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Do Politics have Artefacts

Bernward Joerges

EconStor Open Access Articles and Book Chapters, 1999, 411-431

Abstract: In social studies of technology, as in many other scientific disciplines, highly persuasive similes are at work: pious stories, seemingly reaped from research, suggesting certain general theoretical insights. Variously adapted, they are handed down: in the process, they acquire almost doctrinal unassailability. One such parable, which has been retold in technology and urban studies for a long time, is the story of Robert Moses’ low bridges, preventing the poor and the black of New York from gaining access to Long Island resorts and beaches. The story turns out to be counterfactual, but even if a small myth is disenchanted, it serves a purpose: to resituate positions in the old debate about the control of social processes via buildings and other technical artifacts - or, more generally, about material form and social content.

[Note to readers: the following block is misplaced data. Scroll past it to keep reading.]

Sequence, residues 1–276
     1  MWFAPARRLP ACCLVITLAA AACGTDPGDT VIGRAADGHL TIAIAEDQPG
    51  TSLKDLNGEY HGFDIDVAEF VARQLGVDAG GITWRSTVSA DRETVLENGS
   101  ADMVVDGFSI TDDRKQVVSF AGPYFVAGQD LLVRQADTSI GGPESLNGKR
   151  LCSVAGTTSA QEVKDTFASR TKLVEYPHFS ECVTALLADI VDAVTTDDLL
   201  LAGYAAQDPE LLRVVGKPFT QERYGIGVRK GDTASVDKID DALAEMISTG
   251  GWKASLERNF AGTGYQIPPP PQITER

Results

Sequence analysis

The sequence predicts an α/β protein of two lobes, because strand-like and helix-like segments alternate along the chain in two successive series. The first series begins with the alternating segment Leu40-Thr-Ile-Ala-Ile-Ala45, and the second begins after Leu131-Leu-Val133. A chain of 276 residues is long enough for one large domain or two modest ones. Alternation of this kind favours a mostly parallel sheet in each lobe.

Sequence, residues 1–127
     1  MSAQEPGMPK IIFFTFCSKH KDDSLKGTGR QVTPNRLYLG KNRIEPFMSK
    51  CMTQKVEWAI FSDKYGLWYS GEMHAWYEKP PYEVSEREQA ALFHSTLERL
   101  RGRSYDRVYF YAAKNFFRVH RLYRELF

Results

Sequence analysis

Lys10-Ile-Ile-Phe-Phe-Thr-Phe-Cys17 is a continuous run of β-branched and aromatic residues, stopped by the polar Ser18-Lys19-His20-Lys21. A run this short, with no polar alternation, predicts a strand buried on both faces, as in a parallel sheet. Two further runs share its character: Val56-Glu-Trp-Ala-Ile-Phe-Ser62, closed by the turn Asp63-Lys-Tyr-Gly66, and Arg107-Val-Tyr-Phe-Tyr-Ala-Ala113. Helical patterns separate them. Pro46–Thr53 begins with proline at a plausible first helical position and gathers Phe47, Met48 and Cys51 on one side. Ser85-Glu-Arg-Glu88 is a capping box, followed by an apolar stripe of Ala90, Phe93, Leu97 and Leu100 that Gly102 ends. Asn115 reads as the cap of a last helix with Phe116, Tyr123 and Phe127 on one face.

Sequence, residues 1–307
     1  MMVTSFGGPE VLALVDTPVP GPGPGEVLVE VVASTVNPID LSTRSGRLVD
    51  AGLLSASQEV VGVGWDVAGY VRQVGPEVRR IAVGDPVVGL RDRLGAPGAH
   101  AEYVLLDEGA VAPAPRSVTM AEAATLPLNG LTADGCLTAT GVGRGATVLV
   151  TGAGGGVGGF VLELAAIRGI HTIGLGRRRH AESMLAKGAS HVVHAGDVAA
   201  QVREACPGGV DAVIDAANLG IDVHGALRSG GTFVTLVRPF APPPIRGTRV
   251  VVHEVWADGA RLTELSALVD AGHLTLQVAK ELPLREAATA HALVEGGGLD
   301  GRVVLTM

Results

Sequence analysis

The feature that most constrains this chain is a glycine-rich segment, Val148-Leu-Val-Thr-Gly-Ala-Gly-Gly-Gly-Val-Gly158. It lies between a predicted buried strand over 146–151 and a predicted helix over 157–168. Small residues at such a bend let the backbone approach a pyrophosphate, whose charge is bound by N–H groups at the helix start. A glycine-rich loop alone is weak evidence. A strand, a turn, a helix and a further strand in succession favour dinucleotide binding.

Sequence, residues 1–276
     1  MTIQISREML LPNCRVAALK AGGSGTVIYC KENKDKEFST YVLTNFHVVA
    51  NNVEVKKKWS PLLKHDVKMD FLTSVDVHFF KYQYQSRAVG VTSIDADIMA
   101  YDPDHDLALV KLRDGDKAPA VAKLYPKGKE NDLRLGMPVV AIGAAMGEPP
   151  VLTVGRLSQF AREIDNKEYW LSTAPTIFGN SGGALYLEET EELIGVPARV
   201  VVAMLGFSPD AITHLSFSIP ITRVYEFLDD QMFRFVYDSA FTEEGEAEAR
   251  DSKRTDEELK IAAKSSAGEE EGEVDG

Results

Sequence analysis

Keywords: social studies of technology; Techniksoziologie (search for similar items in EconPapers)
Date: 1999
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